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Digital transformation is a top business initiative for CIO’s. What does it really mean for IT and how does it impact the business itself?  In this post, we will try to cover some of the basics.

Digital transformation is a fundamental change to an organization’s product development and product delivery process to deliver a highly personalized product or service. This often involves using technology such as big data analytics, social, mobile and cloud as a means to deliver these services to the consumer. Digital transformation also implies the ability to create sustainable business differentiation with software and the ability to rapidly introduce new products and services to meet new customer needs.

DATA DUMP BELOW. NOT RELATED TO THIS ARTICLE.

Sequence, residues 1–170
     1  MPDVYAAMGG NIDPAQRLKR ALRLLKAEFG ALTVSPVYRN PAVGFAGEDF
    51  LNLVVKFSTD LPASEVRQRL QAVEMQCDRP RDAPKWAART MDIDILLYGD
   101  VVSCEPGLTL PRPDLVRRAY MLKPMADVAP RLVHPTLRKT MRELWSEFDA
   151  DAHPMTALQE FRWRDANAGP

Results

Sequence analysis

Industry veterans and incumbent giants are facing significant competitive pressure and potential disruption from new market players. Startups (such as Uber, Tesla, and many others) have moved quickly from being niche players to be a dominant force in many verticals such as auto, banking, manufacturing, healthcare. Industry leaders from large enterprises acknowledge this trend and are now looking to transform their product development process and customer engagement to compete with new players –

  • Jamie Dimon, CEO of JPMC – 2015 Annual Report to shareholders
    • “Silicon Valley is coming. There are hundreds of startups ….”
    • “The ones you read about most are in the lending business, whereby the firms can lend to individuals and small businesses very quickly and – these entities believe – effectively by using Big Data to enhance credit underwriting.”